The movie opens in a Los Angeles convenience store one late Monday night, where a smalltime drug dealer named Nick (Aaron Eckhart) is trying to decide what coffee brand to buy. His ex-lover... See full summary »
When a Las Vegas performer-turned-snitch named Buddy Israel decides to turn state's evidence and testify against the mob, it seems that a whole lot of people would like to make sure he's no longer breathing.
The movie opens in a Los Angeles convenience store one late Monday night, where a smalltime drug dealer named Nick (Aaron Eckhart) is trying to decide what coffee brand to buy. His ex-lover Dallas (Paulina Porizkova) and fellow hitman Billy Hill (James LeGros) are getting impatient and tell him to hurry up. Conflicts between Nick and the cashier (Luck Hari) ensue, resulting in Dallas shooting the cashier dead. Though the three attempt to cover up the crime, they are forced to also shoot a police officer (Bari K. Willerford) when he discovers blood on the ground. Written by
The details of Dallas' version of Nick and Casey's last job differ from that of Casey's version. According to Dallas' story, told to her by Nick, Ball-Peen's apartment was very colorful, luxurious and lavish. And the woman who comes out of the bedroom was, at least, pretty. In the version Casey tells, the apartment was drab, run-down and dirty. The woman from the bedroom looks like a drug addict wearing a bath robe and disheveled hair. See more »
The sound of the air flowing through the water in the bong is fake (bubbling). At one point Casey is talking to Ice as you hear the bubbling sound. See more »
Since we're all good friends here I have a question for you.
I heard about this big bad motherfucker, has got this habit to hit niggers with a hammer. I've heard a reason why he uses it. I got sympathy for that. But... uh... there's one thing I just can' get out of my head.
Well, I've heard about almost all niggers got these really big dicks, you know, salami size cocks. Now I had many different blowjobs by any number of different bitches so I know how much room my white boy's ...
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A vehemently cynical, sarcastic and intense film, mocking and imitating the style of Pulp Fiction and stylized gangster films, Thursday is an entertaining, off-putting and hilarious thrill-ride. An amazingly eclectic mix of over-the-top characters and bizarrely entertaining situations, this day-in-the-life of a gunman trying to go straight proves to be a worthy addition to the series of films that attempts to mimic the genius of Tarantino's dark-humored masterpiece Pulp Fiction.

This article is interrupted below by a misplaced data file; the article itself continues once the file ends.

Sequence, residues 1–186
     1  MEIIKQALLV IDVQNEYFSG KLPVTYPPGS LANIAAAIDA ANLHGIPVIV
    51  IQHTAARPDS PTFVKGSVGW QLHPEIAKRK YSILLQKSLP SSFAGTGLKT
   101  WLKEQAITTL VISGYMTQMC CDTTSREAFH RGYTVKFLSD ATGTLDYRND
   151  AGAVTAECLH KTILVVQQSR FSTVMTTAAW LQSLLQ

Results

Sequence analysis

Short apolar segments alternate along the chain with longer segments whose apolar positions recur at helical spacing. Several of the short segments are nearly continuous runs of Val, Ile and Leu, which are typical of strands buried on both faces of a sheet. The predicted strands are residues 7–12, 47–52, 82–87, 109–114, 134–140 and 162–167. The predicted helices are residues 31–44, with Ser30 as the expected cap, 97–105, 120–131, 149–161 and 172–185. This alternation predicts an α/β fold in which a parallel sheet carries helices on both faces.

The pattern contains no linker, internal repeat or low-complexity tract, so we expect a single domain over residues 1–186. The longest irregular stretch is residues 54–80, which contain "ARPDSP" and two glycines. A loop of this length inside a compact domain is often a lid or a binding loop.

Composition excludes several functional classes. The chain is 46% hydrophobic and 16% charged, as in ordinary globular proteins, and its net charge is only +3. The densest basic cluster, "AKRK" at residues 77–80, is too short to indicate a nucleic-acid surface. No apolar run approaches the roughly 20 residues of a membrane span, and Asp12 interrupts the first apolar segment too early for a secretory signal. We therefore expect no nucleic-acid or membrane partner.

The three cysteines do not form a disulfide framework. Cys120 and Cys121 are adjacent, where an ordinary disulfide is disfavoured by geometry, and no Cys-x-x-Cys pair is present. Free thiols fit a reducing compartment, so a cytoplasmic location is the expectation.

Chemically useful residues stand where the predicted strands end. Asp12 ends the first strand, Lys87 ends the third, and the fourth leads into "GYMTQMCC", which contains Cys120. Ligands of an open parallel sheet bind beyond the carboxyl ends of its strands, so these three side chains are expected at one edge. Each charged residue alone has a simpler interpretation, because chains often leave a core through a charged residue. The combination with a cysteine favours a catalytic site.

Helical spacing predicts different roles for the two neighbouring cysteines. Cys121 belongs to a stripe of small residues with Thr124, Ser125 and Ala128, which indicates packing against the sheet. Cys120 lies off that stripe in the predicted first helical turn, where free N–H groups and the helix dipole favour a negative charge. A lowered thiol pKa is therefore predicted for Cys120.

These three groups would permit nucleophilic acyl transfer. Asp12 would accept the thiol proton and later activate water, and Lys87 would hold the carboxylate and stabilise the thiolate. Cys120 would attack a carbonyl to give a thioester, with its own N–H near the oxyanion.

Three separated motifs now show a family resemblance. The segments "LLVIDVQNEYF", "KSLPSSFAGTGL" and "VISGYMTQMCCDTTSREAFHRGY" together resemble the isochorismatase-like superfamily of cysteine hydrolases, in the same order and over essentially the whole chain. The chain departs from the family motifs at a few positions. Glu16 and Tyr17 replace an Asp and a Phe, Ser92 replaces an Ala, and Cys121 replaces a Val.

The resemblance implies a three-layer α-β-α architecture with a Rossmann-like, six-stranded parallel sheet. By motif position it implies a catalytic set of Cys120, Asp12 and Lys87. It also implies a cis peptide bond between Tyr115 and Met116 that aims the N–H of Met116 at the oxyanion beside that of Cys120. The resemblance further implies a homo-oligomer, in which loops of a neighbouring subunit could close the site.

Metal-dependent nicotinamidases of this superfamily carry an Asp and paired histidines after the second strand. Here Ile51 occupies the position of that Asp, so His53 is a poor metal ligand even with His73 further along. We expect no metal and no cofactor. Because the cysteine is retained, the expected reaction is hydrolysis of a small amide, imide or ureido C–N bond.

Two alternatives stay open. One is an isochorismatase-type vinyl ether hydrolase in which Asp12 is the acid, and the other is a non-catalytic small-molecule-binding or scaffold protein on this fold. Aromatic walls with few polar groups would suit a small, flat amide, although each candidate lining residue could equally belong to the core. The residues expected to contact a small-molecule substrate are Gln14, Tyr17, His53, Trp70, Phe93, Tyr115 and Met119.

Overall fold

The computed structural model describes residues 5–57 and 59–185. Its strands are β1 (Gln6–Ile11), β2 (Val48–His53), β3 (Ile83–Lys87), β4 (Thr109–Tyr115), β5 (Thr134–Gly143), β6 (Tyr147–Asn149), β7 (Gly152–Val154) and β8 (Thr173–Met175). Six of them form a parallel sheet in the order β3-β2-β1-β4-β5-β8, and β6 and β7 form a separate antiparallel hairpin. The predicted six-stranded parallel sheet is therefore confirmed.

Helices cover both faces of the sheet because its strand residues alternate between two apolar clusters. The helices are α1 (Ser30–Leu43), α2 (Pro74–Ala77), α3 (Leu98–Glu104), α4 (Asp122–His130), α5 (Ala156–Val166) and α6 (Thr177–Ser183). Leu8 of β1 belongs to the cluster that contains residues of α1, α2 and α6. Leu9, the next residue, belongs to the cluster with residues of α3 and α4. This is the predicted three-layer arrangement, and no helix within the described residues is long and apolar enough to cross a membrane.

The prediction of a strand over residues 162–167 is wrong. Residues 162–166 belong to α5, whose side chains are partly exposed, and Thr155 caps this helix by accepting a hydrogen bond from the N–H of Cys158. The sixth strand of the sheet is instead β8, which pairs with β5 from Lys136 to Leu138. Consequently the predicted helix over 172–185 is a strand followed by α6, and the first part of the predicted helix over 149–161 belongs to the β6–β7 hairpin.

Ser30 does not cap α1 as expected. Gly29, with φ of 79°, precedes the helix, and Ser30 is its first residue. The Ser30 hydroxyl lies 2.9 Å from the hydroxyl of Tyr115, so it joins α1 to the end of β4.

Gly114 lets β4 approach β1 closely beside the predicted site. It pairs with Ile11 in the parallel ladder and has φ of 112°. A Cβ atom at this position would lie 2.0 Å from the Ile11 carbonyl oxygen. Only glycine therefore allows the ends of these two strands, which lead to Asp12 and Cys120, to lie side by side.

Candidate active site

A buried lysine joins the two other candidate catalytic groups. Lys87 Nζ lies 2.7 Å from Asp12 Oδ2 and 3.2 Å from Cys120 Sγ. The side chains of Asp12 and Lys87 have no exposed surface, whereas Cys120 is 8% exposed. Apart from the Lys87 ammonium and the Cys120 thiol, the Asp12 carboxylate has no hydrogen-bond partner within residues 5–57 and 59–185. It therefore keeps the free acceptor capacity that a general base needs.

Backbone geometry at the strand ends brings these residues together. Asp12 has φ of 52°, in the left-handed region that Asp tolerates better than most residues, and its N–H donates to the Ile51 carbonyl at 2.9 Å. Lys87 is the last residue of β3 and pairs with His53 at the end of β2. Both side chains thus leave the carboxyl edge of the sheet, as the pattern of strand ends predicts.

Nick (Aaron Eckhardt) stops by Casey's (Thomas Jane) house to catch up on old times. Casey was a former gunman for drug dealers who has since reformed, become an architect, married a successful businesswoman (Paula Marshall), and is now contemplating adopting a child. Nick, who still has ties to the gangster underworld, leaves a briefcase full of drugs at Casey's house while he borrows his car to run a few errands a.k.a. unfinished business. Disgusted and angered by the introduction of drugs into his home, Casey flushes them all down the kitchen sink. That's when, one at a time, Nick's double-crossed accomplices, rapping Rastafarian drug messengers, and crooked cops all come a-knocking for the unsuspecting Casey, who is about to have one unbelievable Thursday.
The film opens with a hilarious sequence in a gas station in which Nick is looking for the best deal for a cup of coffee. After pondering which size cup to get, a fiasco breaks out with the cashier when he demands a free snackie cake and uses a $50 bill to pay. Resulting in comically brilliant bloodshed, the situation goes from bad to worse when a cop intervenes and is caught in the most unusual of circumstances. This opening segment establishes the perfect mood for the rest of the film, which never takes itself too seriously and includes outrageous characters that seem self-aware of their own existence in this nonsensical gangster flick.
The film is broken into segments based on various events and times during the course of one day. This effect is much like Pulp Fiction, which is a similarly given chapters, although Thursday doesn't mess with chronological order except for the occasional flashback. Also like Tarantino, music magnificently introduces each scene and each character. Oddly humorous creatures, such as the Jamaican hit-man pizza delivery guy that raps over the phone and shares his hashish, and Paulina Porizkova's narcissistic Dallas, who attempts to rape Casey, add humor to each event regardless of how horrifying and unnerving some of the coincidences are. When Mickey Rourke's calmly spine-chilling crooked cop Kasarov is introduced, the careful staging and intricate setup is fully assembled, and Casey's sticky situation becomes even more daring and laudable.
Definitely a wannabe Pulp Fiction, with plenty of violence, witty dialogue and extremely creepy antagonists, Thursday does some things right, but other attempts at homage may be going just far enough as to suggest rip-off. A flashback sequence that shows Casey shooting up baddies and sporting a hairstyle that exactly matches John Travolta's do in Pulp Fiction is easily one step too far.
Mike Massie, www.MoviePulse.net
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